Saturday, May 26th, 2007

We’ve eaten Indian for years but we quickly establish some favorites in Delhi: stuffed tomato, palak paneer, vegetable pakora, vegetable korma. Biryani, fried rice, goes with anything. Garlic naan is a staple. Kheer, rice pudding, for dessert. Lemon sodas morning, noon, twice in the afternoon, and night. Everywhere in India the budget set menu is called a thali and in the first four weeks we don’t have a bad one.

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In Agra we visit the Taj Mahal, our third potential Wonder of the World (after the Sydney Opera House — yeah, right — and Angkor Wat). We watch the morning sun shine off the white mausoleum and its marble spires, dancing on the black Koran script adorning the high, smooth walls. The closer you get to the Taj the less white it becomes, the less uniform, until all the disparate shapes and shades of color – blue, grey, pink, yellow, green – leap out. Closer still and the semiprecious inlay of varicolored flowers emerges. Malachite, jasper, amber, turquoise. Geometry and gold and silver filigree cover the remaining uncovered spaces. Carven flowers and fleurs-de-lis leap out. Spouts for water runoff cover the structure like spines, though the mausoleum itself, reportedly, leaks. Inside, the echo of voices and chanting reverberates off the cupola in a yellow half-light: whispers loud as shouts channeled through the delicate marble jali screens. We wander in the gardens, the charbaghs, and sit on benches in the shade of small trees. Later we cross the river and gaze at the Taj from the far side, the only tourists at that early afternoon hour to enjoy the tranquility of the orchard in the Mehtab Bagh. We visit other sites, the Baby Taj, Itimad-ud-Daulah, the Agra Fort, and the crumbling Chini-ka-Rauza, where we speak at length with the caretaker, a small man in white who sits on the doorstep in the quiet shade, waiting for the few daily visitors. He shows us the remnants of his charge, the tomb of a poet and high official in the court of Shah Jahan, who built the Taj: cracked, crumbled, blue tile fading, frescoes dim: a far cry from its more famous neighbor. But surrounding it, a beautiful green garden free of wasps and flies, garlanded with yellow flowers, and a small beach of white sand on the banks of the Yamuna River. A herd of water buffalo lounges in the shadow of the Chini-ka-Rauza, part of the peaceful indolence that fills the air.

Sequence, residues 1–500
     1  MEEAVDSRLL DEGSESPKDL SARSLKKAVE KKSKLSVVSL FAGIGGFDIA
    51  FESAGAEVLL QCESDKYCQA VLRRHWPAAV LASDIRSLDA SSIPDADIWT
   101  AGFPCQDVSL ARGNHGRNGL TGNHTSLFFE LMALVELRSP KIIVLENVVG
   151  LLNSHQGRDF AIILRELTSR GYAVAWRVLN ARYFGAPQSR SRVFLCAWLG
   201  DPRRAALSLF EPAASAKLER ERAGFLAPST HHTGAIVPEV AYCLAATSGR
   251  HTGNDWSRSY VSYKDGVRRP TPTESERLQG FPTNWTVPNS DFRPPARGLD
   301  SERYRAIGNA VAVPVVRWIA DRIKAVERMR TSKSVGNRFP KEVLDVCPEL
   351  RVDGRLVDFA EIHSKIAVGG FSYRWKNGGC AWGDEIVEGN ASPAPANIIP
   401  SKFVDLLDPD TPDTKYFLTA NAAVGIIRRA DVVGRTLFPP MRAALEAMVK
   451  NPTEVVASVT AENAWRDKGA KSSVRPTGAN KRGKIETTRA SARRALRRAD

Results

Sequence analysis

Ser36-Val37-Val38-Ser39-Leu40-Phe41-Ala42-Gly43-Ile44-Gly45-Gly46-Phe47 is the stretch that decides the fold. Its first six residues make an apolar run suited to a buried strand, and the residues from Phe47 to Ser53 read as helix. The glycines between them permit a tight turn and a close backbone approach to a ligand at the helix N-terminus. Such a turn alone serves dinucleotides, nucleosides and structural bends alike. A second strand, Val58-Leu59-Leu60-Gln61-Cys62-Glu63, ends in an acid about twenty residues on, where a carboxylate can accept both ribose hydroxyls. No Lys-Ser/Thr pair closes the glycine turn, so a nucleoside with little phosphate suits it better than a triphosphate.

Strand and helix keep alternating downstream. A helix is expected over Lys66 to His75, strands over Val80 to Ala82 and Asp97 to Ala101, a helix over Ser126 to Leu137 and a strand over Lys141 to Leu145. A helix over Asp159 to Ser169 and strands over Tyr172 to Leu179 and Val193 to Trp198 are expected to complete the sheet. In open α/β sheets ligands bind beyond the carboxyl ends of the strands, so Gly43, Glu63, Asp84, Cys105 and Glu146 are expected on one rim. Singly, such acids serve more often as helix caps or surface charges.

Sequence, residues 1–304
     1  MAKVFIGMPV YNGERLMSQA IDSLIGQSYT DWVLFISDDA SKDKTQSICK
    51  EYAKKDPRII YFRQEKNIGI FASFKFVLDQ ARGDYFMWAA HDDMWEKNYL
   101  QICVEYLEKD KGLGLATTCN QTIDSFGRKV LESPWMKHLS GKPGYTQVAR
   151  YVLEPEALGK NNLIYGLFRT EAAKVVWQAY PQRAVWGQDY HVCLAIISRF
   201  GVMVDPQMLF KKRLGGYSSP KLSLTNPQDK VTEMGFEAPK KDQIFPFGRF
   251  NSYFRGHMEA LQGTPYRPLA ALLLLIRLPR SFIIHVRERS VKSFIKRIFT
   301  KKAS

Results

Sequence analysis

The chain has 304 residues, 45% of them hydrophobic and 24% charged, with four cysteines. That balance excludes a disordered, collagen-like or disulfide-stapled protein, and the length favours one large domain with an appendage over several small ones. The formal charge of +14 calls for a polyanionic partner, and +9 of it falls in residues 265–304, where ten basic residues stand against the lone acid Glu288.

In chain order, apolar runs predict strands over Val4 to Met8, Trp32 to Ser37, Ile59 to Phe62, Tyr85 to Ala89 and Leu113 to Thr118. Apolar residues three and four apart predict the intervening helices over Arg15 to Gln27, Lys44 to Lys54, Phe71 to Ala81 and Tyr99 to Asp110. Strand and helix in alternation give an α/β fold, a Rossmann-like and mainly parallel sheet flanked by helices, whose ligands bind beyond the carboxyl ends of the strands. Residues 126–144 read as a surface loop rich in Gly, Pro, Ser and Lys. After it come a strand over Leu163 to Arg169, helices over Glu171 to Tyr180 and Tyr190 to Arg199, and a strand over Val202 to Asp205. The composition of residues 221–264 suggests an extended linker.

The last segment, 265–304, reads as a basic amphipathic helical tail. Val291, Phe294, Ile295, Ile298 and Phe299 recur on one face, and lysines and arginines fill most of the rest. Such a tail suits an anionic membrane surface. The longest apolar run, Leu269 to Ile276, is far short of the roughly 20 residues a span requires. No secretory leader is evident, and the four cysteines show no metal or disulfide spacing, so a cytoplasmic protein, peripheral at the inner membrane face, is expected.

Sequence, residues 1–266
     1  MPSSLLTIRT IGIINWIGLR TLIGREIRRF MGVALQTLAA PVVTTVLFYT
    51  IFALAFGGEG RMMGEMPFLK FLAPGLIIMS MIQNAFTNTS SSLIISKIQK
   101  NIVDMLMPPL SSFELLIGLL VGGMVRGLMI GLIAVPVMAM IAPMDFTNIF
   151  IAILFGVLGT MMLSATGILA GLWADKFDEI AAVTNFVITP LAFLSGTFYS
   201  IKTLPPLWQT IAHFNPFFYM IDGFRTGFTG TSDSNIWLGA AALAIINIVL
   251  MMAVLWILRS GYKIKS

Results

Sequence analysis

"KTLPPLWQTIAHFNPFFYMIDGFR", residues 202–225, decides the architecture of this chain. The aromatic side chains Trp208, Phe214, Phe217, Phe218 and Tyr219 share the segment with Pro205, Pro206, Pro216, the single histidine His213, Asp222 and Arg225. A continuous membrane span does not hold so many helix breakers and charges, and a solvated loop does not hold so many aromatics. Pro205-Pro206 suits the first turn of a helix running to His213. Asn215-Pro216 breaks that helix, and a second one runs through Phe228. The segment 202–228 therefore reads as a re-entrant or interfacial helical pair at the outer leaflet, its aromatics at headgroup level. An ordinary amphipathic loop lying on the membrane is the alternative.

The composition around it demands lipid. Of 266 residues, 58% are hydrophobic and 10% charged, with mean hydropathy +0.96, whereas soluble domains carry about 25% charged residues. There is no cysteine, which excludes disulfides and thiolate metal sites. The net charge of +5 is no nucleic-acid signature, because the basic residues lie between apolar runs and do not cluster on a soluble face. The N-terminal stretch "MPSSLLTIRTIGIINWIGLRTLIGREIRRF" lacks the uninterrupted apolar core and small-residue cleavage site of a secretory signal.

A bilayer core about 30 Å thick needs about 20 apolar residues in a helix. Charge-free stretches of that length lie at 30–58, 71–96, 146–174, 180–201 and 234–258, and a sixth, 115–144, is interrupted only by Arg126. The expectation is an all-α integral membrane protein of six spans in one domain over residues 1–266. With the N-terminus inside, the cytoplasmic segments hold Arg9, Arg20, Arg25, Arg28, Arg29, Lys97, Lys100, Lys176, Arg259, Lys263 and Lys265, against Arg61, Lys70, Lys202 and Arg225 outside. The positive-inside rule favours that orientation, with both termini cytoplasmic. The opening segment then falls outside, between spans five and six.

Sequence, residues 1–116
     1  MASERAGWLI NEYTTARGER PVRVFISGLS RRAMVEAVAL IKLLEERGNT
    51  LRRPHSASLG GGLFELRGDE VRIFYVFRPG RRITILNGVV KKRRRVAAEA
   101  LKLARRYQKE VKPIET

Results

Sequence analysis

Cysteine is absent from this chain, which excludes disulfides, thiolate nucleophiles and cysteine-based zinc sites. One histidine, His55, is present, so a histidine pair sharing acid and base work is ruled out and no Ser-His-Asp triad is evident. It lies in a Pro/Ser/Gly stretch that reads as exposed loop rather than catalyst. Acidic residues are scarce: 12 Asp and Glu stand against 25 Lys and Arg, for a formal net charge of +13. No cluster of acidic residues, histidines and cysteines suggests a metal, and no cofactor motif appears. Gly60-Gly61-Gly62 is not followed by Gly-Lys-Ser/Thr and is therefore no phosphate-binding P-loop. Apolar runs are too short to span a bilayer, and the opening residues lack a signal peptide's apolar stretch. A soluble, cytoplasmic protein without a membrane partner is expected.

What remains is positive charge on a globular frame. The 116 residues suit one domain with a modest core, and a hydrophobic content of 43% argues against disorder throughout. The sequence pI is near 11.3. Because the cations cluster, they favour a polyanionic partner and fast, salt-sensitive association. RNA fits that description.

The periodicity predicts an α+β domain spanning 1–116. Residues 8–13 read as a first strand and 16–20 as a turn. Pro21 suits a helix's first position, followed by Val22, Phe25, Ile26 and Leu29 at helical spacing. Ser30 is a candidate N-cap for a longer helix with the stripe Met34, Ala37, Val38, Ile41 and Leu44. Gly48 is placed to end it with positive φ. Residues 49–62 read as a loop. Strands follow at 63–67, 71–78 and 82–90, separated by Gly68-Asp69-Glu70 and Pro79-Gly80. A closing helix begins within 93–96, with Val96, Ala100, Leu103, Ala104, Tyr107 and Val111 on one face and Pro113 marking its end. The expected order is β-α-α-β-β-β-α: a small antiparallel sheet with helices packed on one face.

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Later, wandering around “downtown” Agra I lose my watch. Got that watch in the Laramie Wal-Mart for ten bucks. It served me well for more than six months.

I put quotes around the word “downtown” because no part of Agra resembles any place to which I have ever before applied that definition. Nor does most of India for that matter. A place called Shanti Lodge in downtown Agra — really just a fortunately wide intersection of labyrinthine alleys — has terrific rooftop views of the Taj and we spend a late afternoon watching the warm orange light play on the white face of the mausoleum. Mostly though we watch the monkeys play in a neighbor’s rooftop water tank. Some just come for a mouthful but one miscreant decides he needs a bath, followed by an extended soak. This provides much amusement for our rooftop full of tourists. The proprietor of Shanti notes the monkeys with a laugh. “Are they trouble monkeys?” Lisa asks. “Trouble monkeys, oh yes. O yes.” Monkeys are in force here and they sometimes chew through power lines – one of many sources of India’s famed regular blackouts – and they are famous thieves. They have been known to cause havoc by swarming railway platforms en masse, as we see later during our four-hour delay in leaving Agra.

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The plundered walls of the Chini-ka-Rauza; the Itimad-ud-Daulah, or Baby Taj; looking out from the Baby Taj

The monkeys so far have let us be. They crowd the far side of the train platform but don’t seem to be the reason for the long delay in the arrival of the westbound train. When we finally get on the train, we cram ourselves into two stuffy upper bunks for a short six-hour jaunt to Jaipur, a very large city of some two millions, out in the desert of Rajasthan.

In Jaipur we see the Amer Fort, the Hawa Mahal, the Jantar Mantar Observatory, the City Palace, a few streets of the vast bazaars. Occasionally we ask people to explain what we are seeing but mostly we just wander, winging it. Jaipur has a wonderful energy. The monkeys here have a pinched, emaciated look. It is dry, there is no water anywhere, no fountains, nothing but the desert lapping the city limits, swallowing the surrounding farmsteads. We move around at night to avoid the daytime heat. I buy a new watch for about $2.

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Hawa Mahal; elephant and rider at Amer Fort

hessephoto.jpgPerhaps after the longing for experience, man’s greatest longing is for forgetfulness.

The greatest threat to our world and its peace comes from those who want war, who prepare for it, and who, by holding out vague promises of a future peace or by instilling fear of foreign aggression, try to make us accomplices to their plans.

Paradise does not make itself known as paradise until we are driven out of it.

The more sharply and unswervingly we pursue a thesis, the more irresistibly it will call for its antithesis.

— Herman Hesse